Message from the Director: Activity and impact in minerals and energy governance

Building capacity in governance of minerals and energy is demonstrably some of the most effective foreign aid that Australia can provide. Australia has globally-leading mining knowledge, technology, management and approaches to sustainability – and Australian institutions and companies are very willing to share their knowledge with developing country partners.

Australia also has incentive: Australian companies are amongst the largest offshore investors in exploration and mining, while Australian companies in mining equipment, technology and services supply markets globally. Well-governed companies operate best in well-governed nations. Australian-based companies and universities are leaders in advocating for high quality minerals and energy governance and in promoting collaboration with stakeholders to achieve shared benefits outcomes. Agencies from Australian State and Commonwealth Governments are very willing to share knowledge and systems around sound governance. They understand that if developing countries do mining well, then others, including Australia benefit.

Interactions with IM4DC course participants and alumni, plus senior officials and ministers, highlight the value that developing countries place on Australia’s partnerships with them to build capacity in mining governance.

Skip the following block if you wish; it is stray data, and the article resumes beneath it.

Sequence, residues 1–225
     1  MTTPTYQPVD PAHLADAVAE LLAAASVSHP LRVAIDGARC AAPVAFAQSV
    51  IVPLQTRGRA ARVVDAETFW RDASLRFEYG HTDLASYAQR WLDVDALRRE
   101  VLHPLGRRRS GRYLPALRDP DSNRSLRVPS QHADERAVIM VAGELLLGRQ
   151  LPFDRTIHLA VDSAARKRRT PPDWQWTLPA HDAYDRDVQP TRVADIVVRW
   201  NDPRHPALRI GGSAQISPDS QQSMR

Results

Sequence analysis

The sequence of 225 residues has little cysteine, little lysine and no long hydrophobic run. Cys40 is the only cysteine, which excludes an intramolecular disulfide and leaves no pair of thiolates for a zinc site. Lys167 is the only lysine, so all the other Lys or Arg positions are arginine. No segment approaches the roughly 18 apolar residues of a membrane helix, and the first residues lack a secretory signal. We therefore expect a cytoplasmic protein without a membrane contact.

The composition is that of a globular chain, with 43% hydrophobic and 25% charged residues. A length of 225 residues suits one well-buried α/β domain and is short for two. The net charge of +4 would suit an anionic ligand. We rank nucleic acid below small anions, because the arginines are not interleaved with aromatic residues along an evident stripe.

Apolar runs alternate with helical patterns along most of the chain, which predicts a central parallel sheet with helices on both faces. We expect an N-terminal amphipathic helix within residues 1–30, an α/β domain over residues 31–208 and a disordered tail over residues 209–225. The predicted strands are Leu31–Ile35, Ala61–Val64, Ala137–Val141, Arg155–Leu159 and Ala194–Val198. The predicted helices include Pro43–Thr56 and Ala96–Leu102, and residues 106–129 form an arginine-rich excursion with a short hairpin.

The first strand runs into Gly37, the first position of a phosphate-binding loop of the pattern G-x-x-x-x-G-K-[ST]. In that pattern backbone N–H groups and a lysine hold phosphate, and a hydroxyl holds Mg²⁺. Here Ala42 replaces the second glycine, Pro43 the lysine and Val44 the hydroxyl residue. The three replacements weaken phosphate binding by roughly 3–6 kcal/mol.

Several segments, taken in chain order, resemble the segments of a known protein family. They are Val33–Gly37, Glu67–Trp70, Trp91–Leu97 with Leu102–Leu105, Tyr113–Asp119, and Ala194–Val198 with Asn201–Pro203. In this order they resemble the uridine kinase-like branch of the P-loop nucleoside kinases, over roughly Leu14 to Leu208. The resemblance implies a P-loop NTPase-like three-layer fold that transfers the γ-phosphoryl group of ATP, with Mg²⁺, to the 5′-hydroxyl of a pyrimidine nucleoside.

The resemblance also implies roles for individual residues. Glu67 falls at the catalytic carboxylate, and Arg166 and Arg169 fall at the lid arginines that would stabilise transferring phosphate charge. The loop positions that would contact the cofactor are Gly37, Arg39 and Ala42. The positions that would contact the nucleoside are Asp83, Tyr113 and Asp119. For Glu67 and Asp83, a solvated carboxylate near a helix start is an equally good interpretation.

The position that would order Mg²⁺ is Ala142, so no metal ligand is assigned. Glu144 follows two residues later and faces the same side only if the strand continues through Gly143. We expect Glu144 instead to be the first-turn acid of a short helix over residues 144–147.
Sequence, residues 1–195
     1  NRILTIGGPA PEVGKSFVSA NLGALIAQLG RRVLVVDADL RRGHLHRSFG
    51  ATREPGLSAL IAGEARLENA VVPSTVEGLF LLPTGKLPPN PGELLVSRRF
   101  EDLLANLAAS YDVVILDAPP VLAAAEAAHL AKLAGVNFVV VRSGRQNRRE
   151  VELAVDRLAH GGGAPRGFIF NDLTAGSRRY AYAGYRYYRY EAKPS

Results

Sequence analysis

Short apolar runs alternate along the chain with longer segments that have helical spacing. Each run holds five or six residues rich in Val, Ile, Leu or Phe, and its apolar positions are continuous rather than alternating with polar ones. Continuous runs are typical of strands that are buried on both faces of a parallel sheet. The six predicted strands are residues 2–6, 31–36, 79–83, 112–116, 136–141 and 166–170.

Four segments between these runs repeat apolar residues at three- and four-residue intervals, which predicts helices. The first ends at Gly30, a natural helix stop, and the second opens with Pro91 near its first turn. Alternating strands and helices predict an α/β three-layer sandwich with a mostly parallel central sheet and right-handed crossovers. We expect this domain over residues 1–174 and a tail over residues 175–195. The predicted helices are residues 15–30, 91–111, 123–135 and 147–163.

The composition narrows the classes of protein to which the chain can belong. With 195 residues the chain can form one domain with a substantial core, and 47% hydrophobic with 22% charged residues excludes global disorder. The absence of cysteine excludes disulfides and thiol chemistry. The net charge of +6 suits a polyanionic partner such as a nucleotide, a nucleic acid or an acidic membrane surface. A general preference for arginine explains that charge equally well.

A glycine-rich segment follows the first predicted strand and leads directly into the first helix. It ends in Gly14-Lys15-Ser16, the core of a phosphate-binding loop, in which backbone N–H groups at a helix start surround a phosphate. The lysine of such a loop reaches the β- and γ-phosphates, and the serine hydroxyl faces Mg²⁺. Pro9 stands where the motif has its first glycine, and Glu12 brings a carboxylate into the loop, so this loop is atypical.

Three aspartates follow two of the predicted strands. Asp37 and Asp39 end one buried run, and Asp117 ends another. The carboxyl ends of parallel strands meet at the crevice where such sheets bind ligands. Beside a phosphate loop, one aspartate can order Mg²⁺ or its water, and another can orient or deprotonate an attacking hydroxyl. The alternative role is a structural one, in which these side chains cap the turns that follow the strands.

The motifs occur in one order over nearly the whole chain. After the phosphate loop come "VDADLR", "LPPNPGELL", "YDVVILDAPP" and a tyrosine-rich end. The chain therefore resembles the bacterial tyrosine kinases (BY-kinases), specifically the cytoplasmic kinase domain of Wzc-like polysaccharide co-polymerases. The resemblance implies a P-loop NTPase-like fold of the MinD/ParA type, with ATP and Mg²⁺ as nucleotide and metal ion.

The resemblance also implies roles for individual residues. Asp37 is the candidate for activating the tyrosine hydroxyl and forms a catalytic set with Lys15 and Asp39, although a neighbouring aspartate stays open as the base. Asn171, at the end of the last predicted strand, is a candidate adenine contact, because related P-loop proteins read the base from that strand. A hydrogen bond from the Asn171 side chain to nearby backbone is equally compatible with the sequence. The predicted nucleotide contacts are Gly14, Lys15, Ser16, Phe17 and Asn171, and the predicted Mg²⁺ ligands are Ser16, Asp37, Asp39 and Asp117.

In Indonesia, for example, Energy and Mineral Resources Minister Sudirman Said has emphasised to industry leaders the importance of building capacity in governance of Indonesia’s mineral and energy sectors if they are to fulfil their potential. Minister Sudirman expressed appreciation of the partnership that his Ministry’s Education and Training Agency has with IM4DC and the cooperation of Australian-based companies and government agencies in readily sharing information and insights.

New research has reinforced the impact of IM4DC. Our alumni have told researchers that IM4DC programs have enabled them to translate learning into practice and to bring about positive changes to their work and organisations. Alumni have developed their leadership capability, initiated innovative activities and changes, strengthened their networks, and believe that they can contribute to the improvement of social, economic, and environmental outcomes of their home countries.

Better governance can build the minerals and energy sectors sustainably, achieving returns for all stakeholders, create employment and business opportunities, facilitate infrastructure development and protect the environment.

The IM4DC Alumni Forum and Mining for Development Conference on 29 and 30 April will bring together stakeholders from Australia and its developing country partners to review what we have done together so far, discuss what we can do better and recommend to our institutions enhanced ways of achieving our shared goals to unleash benefits from minerals and energy development, equitably shared.